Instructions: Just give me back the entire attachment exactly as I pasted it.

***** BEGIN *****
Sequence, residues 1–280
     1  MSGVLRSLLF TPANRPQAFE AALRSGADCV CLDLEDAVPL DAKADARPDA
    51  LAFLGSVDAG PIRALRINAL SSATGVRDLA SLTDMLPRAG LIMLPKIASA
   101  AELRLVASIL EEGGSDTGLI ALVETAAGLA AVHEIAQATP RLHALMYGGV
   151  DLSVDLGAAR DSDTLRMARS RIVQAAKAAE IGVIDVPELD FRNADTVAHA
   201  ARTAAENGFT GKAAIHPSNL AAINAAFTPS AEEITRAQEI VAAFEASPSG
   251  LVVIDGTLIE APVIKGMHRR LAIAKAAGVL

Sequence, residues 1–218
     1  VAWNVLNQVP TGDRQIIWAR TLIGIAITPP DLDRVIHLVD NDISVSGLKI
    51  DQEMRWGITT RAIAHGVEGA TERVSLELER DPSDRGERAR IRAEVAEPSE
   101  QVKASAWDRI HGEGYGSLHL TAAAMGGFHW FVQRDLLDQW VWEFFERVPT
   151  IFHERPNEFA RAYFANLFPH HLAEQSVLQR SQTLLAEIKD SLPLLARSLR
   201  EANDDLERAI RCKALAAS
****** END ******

Sequence, residues 1–280
     1  MSGVLRSLLF TPANRPQAFE AALRSGADCV CLDLEDAVPL DAKADARPDA
    51  LAFLGSVDAG PIRALRINAL SSATGVRDLA SLTDMLPRAG LIMLPKIASA
   101  AELRLVASIL EEGGSDTGLI ALVETAAGLA AVHEIAQATP RLHALMYGGV
   151  DLSVDLGAAR DSDTLRMARS RIVQAAKAAE IGVIDVPELD FRNADTVAHA
   201  ARTAAENGFT GKAAIHPSNL AAINAAFTPS AEEITRAQEI VAAFEASPSG
   251  LVVIDGTLIE APVIKGMHRR LAIAKAAGVL

Sequence, residues 1–218
     1  VAWNVLNQVP TGDRQIIWAR TLIGIAITPP DLDRVIHLVD NDISVSGLKI
    51  DQEMRWGITT RAIAHGVEGA TERVSLELER DPSDRGERAR IRAEVAEPSE
   101  QVKASAWDRI HGEGYGSLHL TAAAMGGFHW FVQRDLLDQW VWEFFERVPT
   151  IFHERPNEFA RAYFANLFPH HLAEQSVLQR SQTLLAEIKD SLPLLARSLR
   201  EANDDLERAI RCKALAAS